- The Washington Times - Friday, May 18, 2007

He looks like a Bob, not a Frank. And he’s certainly no Bill. Uh-oh. Name discrimination may be just around the corner. Bob, Bill et al conjure up undeniable images, according to research released by Miami University that confirms we stereotype certain names with certain faces.

Good old Bob, for example. Utter the name “Bob,” and folks invariably imagine a man with a round, possibly large face.

“It’s the first time this has ever been shown quantitatively, beyond anecdotal evidence. Every one has had the experience of thinking, ‘Hmm. Now, he just doesn’t look like a Bob.’ ” said lead researcher Robin Thomas, an associate professor of psychology at the Ohio school.

“So if you want to be thought of as lean and angular, don’t be called ‘Bob,’ ” she added.

Ms. Thomas tested the Bob theory by asking groups of students to match male names with men’s faces created with photos and facial-reconstruction software used by police in eyewitness identification. In a Bob vs. Tim matchup, 100 percent of the study participants matched a lean-bearded face with Tim and a chubby face with Bob.

Indeed, the most predictable name-face matches were Bob — along with Bill, Brian and Jason.

“These prototype faces that seem to exist for different names are not just idly occupying space in our mind, but have implications for how easily one learns the names of individuals,” Ms. Thomas said.

The findings, released Wednesday, should interest political consultants, who often go to excruciating length to control a candidates’ image and voter appeal. In recent years, just changing hairstyles is enough to cause a commotion in the press.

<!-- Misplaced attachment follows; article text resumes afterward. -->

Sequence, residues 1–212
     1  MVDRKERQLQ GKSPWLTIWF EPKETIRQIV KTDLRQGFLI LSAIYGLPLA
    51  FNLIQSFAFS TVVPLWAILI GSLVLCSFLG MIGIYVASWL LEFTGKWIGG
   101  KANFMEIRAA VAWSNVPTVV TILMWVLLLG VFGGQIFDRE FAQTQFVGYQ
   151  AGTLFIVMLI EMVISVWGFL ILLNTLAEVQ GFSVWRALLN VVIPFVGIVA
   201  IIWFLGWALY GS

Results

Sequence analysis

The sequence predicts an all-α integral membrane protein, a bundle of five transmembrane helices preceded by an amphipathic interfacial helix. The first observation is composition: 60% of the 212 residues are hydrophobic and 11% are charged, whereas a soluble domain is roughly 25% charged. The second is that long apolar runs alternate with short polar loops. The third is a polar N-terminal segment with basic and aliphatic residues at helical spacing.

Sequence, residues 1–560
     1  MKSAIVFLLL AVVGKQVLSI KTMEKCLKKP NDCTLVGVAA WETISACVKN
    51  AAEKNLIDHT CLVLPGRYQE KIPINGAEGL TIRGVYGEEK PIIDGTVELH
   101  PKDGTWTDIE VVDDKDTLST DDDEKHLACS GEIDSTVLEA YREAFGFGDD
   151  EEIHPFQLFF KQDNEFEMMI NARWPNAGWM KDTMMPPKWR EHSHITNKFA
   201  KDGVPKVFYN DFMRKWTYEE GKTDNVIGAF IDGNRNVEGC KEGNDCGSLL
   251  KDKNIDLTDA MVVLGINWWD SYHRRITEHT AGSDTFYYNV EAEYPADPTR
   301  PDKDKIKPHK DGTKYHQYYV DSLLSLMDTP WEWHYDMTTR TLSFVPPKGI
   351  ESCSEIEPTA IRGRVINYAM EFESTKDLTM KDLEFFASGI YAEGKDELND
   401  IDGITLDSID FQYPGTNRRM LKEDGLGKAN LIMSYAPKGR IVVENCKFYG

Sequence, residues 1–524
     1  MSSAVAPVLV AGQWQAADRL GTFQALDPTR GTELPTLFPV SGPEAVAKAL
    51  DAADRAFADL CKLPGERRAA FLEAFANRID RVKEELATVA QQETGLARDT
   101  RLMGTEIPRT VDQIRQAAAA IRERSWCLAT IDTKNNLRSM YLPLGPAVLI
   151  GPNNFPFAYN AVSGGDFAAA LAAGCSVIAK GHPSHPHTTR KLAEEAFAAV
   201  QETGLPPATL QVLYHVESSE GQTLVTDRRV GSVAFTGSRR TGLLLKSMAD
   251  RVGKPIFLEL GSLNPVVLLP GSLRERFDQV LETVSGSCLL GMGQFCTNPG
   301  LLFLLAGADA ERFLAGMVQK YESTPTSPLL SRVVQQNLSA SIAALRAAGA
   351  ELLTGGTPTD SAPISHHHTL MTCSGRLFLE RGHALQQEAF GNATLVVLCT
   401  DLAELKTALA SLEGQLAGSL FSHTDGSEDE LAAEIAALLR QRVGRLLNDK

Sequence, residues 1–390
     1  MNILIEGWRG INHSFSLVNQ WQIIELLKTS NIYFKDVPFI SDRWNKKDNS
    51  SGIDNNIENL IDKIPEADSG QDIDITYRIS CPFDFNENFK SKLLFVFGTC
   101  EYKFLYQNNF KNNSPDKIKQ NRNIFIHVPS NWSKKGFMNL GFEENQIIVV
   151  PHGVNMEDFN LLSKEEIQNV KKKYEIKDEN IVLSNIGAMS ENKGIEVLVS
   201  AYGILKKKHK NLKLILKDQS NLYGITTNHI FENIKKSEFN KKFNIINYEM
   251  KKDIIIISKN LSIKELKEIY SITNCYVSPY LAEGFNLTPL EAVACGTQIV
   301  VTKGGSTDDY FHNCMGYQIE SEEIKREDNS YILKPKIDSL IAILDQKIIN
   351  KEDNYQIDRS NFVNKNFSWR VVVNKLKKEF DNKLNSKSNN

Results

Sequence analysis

Cathy Allen, a Democratic political consultant with the Connections Group in Seattle, agrees that personal names can be a weighty matter on the campaign trail. She counsels female candidates with names that do double time in the male realm — such as Chris and Bobbie — to include their middle name on ballots and yard signs.

“I have also had candidates named Belcher, Bummer, and Laden — which was slurred into bin Laden — and know all too well what the public sees when they see these names,” she said yesterday.

Parents-to-be may also be interested in face-name connection. The choice of baby names has become a science, measuring the greater meaning of first name choice and if its rhythm enhances or detracts from the family surname. Mom and Dad may now be forced to divine the visual implications of “Emily” and “Jacob,” the most popular names in the nation, according to the U.S. Census Bureau.

“People choose names for their babies not knowing how they will look later in life, but it seems society has an idea of what people’s names might be merely by looking at them,” Ms. Thomas said.

Could Bob discrimination be just around the corner? The researchers plan future studies to determine whether there are negative consequences to the “name-face prototype.” They also wonder whether the sound of a name plays a role in it all.

“There may be some interaction,” Ms. Thomas said. “Bob, for example, is simply a round-sounding name.”

The research will be published in Psychonomic Bulletin & Review, an academic journal.

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